New Clerk for the U.S. Court of Appeals Mohammed Jagana Reflects on His Transformative Years in YMCA Youth & Government

Last updated: January 9, 2023, at 10:23 a.m. PT

Originally published: December 5, 2022, at 4:41 p.m. PT

Mohammed Jagana holding a book at Harvard

As a soon-to-be clerk for the United States Court of Appeals for the Ninth Circuit, Mohammed Jagana clearly remembers getting his start in law and government in his middle school gymnasium. 

As an 8th grader at Washington Middle School in Seattle, one day Mohammed was playing hoops with some friends when YMCA director Danny Cage approached him about joining the Youth & Government program.   

“I was pretty outspoken in middle school,” Mohammed recalls. “I was really extroverted, looking for leadership activities. I did Coyote Central, I was in the performing arts. I was a Mayor’s Scholar. I did leadership conferences.”  

Mohammed accepted Cage’s offer, and now a decade later he’s very glad that he did.  

Youth & Government presented Mohammed with the chance to champion issues that were important to him, and a chance to learn about politics and law from an insider’s perspective.  

“In Youth & Government, I learned oral advocacy, how to persuasively articulate a topic for an audience, how to break down complex issues for discussion… The more you learn about government and the law, the less intimidating it can be.” 

As an 8th grader, Mohammed’s political priorities were pretty specific. He took advantage of the youth legislature to argue for bringing his favorite snacks to school vending machines. By the end of high school, he became aware of the broader impact he could have in his community through his active presence in governmental and legal environments.  

Mohammad in group photo at youth and gov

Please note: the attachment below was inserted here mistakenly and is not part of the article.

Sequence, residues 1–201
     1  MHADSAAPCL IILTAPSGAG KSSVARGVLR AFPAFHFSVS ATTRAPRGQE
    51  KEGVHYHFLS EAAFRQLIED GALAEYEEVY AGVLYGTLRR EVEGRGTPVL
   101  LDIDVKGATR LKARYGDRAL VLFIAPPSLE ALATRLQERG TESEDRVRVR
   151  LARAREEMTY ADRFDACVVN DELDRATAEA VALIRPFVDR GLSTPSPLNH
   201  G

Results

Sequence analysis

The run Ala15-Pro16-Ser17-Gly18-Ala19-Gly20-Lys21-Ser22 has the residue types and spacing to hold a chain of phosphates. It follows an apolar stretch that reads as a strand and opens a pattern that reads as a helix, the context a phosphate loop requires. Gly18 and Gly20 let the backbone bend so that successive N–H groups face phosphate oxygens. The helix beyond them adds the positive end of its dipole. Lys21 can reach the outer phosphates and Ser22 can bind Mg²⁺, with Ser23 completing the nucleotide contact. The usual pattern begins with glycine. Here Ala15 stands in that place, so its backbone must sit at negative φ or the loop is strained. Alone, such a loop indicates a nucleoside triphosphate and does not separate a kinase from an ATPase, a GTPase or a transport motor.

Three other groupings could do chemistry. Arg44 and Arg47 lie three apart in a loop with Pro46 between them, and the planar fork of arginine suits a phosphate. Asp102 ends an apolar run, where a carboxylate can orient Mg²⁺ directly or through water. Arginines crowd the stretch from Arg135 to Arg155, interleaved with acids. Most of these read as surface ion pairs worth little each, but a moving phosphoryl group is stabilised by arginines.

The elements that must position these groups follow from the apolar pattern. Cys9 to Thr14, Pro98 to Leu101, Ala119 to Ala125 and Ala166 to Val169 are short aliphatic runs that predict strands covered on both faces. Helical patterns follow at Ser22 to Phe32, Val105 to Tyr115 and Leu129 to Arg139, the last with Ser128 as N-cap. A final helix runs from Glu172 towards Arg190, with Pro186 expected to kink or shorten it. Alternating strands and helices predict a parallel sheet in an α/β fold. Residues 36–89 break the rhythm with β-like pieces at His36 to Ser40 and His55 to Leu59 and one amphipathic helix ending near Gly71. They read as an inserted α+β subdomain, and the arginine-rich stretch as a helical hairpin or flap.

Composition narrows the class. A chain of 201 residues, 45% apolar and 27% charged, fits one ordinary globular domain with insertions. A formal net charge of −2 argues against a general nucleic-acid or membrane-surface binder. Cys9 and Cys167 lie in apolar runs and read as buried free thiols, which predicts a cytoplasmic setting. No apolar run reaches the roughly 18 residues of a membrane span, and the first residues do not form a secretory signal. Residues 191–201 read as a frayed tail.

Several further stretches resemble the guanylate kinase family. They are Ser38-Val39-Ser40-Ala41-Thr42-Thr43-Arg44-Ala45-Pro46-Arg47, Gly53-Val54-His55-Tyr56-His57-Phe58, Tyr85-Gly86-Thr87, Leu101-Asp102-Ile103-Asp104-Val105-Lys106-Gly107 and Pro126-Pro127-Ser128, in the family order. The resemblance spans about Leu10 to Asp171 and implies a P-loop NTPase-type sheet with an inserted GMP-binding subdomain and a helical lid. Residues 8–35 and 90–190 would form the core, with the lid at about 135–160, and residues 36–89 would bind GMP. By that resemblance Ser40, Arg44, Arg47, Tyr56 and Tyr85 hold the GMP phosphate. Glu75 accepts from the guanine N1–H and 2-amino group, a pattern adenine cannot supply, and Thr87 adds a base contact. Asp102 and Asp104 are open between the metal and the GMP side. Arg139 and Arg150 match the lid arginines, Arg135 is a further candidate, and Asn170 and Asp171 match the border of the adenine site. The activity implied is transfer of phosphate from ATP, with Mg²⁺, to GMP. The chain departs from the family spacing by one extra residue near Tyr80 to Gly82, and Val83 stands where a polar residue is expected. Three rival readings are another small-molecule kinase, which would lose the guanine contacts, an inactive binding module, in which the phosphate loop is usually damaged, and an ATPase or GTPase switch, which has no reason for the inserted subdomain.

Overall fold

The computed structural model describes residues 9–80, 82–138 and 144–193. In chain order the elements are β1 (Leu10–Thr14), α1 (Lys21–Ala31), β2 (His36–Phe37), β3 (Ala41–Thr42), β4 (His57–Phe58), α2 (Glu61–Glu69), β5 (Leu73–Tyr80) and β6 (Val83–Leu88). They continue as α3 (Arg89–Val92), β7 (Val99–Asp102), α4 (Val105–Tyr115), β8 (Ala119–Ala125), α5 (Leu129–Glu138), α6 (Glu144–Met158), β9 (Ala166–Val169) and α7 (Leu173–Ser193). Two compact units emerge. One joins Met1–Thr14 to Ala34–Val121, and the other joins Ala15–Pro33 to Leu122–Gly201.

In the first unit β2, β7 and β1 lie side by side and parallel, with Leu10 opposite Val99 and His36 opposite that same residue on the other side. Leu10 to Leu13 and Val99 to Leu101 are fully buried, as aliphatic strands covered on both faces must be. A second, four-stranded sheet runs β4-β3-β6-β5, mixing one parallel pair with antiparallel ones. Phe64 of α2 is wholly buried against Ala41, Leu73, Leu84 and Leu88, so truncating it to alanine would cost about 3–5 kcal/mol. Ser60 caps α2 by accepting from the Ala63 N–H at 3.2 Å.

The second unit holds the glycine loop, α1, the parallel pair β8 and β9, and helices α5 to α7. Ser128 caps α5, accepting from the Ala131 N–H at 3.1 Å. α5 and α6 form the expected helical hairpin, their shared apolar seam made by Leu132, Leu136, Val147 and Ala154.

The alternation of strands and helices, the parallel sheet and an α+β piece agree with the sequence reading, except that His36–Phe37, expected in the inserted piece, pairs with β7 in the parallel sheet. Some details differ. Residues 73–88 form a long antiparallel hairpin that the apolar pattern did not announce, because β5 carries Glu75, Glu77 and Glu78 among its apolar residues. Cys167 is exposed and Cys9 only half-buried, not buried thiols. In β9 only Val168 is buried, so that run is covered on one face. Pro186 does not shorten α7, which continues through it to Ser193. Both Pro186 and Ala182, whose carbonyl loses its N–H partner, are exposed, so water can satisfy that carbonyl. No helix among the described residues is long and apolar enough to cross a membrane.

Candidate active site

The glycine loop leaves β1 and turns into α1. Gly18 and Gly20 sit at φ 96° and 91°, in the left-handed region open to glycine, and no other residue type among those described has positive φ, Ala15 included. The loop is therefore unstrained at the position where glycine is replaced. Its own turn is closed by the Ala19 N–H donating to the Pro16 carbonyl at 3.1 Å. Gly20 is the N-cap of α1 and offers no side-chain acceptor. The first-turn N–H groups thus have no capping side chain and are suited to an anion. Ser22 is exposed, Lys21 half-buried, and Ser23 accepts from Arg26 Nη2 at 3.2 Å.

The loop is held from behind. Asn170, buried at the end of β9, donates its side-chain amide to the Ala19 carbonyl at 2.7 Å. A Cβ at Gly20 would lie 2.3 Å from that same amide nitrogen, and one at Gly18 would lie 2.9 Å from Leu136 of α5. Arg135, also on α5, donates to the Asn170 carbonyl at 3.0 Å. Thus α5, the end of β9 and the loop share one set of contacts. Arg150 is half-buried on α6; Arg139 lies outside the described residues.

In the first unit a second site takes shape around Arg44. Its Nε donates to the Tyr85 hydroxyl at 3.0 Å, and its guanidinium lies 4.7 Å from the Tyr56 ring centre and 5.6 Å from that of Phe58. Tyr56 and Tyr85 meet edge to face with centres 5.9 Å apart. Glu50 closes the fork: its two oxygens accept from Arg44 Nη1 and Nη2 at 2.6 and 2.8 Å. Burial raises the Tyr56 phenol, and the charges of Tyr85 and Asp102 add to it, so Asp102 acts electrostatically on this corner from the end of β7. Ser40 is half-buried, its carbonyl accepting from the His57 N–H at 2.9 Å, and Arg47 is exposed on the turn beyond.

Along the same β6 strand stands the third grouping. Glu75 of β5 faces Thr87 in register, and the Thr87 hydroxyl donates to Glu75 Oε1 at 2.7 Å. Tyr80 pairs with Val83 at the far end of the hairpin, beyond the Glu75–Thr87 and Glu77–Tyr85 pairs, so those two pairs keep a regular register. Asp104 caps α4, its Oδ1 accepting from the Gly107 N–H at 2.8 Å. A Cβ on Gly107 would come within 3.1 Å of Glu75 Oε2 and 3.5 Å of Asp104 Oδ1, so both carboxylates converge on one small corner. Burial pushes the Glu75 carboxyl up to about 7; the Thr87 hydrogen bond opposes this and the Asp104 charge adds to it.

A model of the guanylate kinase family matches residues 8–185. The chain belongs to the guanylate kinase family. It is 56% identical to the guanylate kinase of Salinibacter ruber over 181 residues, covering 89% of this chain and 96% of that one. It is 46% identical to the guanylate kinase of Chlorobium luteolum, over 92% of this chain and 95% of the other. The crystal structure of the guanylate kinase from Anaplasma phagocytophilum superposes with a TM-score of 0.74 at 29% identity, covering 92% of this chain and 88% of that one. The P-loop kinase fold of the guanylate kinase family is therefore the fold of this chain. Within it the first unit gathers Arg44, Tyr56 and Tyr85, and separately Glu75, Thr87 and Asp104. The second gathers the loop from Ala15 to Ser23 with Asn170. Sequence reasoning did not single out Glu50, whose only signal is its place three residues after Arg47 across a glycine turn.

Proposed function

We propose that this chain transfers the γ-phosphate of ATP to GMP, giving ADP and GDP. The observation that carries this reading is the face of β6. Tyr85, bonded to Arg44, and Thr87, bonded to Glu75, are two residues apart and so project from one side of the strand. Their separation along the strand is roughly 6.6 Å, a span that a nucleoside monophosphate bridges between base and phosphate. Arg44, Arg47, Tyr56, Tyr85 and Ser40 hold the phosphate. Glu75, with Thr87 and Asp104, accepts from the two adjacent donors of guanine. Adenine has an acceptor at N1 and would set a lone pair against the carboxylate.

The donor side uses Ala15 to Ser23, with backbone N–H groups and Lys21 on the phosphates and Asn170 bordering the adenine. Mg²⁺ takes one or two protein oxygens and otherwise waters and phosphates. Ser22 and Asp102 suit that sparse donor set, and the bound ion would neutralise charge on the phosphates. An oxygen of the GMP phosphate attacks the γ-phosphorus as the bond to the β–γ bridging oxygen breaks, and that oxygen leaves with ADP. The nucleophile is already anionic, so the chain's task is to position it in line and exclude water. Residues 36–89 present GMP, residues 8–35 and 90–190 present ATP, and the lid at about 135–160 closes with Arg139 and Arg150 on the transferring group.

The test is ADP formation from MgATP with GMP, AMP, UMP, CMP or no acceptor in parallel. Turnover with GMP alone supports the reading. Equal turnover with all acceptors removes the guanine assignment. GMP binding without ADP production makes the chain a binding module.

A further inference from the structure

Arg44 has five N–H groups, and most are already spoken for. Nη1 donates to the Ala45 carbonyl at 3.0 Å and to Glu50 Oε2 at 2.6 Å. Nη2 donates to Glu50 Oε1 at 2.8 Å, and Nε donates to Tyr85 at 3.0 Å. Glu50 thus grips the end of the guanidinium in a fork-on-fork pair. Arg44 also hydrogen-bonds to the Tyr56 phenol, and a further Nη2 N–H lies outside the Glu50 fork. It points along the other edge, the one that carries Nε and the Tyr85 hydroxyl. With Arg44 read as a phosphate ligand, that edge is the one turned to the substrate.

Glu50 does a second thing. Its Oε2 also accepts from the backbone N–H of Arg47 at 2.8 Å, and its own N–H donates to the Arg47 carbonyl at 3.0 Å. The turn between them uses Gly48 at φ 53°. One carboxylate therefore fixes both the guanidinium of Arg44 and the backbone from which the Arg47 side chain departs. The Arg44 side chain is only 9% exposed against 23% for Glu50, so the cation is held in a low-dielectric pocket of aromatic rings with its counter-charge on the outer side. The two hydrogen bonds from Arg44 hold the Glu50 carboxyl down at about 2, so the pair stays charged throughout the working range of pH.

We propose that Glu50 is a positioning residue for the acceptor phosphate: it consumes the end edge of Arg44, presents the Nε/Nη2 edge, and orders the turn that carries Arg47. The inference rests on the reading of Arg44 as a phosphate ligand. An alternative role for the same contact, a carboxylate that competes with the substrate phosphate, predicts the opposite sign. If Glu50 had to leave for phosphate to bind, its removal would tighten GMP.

“I realized I could affect change for the most vulnerable communities around me, providing legal resources to those who didn’t have easy access to those resources. I began to see how I could be a changemaker in society.”  

Mohammed made it a priority to recruit other Youth & Government students from Seattle’s ethnically diverse Central District. He wanted all students to have a voice in government.  

He also took on increasing responsibility within the program. After he won the role of Postmaster General, in the Youth & Government mock legislature during 8th grade, he went on to hold that position throughout high school. Mohammed also represented his fellow Northwest students at The YMCA Youth Conference on National Affairs, a nationwide event where he connected with students from dozens of other states and Washington Governor Jay Inslee.  

A significant part of his work as a Youth & Government leader was paving the way for new students to rise through the ranks. “I oversaw the Page program with more than 100 new 8th graders each year, their first entry [into the program]. I wanted to create a warm, inviting experience for these students, like the experience that I had.” 

When Mohammed graduated from Garfield, a desire to explore New York City inspired him to enroll at St. John’s University. While there he took advantage of more opportunities, including participation in the Justice Program at the Brennan Center for Justice, and internships with international law firms.  

youth leg group photo

From St. John’s, Mohammed accepted a Fulbright Scholarship to teach English and conduct research in the Netherlands for a year. Shortly thereafter, he began enrolled at Harvard Law School and the Harvard Legal Aid Bureau where he focused on providing free legal aid to those threatened with eviction in the Boston metropolitan area.  

Today, Mohammed serves as a judicial law clerk for the United States District Court for the Southern District of Florida, and next year he will return to the Northwest as a clerk for the United States Court of Appeals for the Ninth Circuit.  

Mohammed says he’s grateful for all the opportunities that arose from Youth & Government, and he is particularly appreciative of all those who support the program with their hard work, volunteer time, and generous donations.  

“It’s important to invest in our youth, in the people who will be leading our country in the near future. Leading our schools, leading our first responders, leading our government; it’s important to invest in the people who will be keeping the ship afloat.” 

For his part, Mohammed says he’s committed to connecting with those students in the Seattle area who might want to make a difference through law and government. What message would he share with these teens? “Reach out to program alum, or reach out to the local YMCA to ask questions.” he said.  

Building relationships is important in all industries, and particularly in the close-knit legal world, he reports.  

As for one final piece of advice, Mohammed drew from his own experience, “Take advantage of every opportunity.”   

Learn more about Washington Youth and Government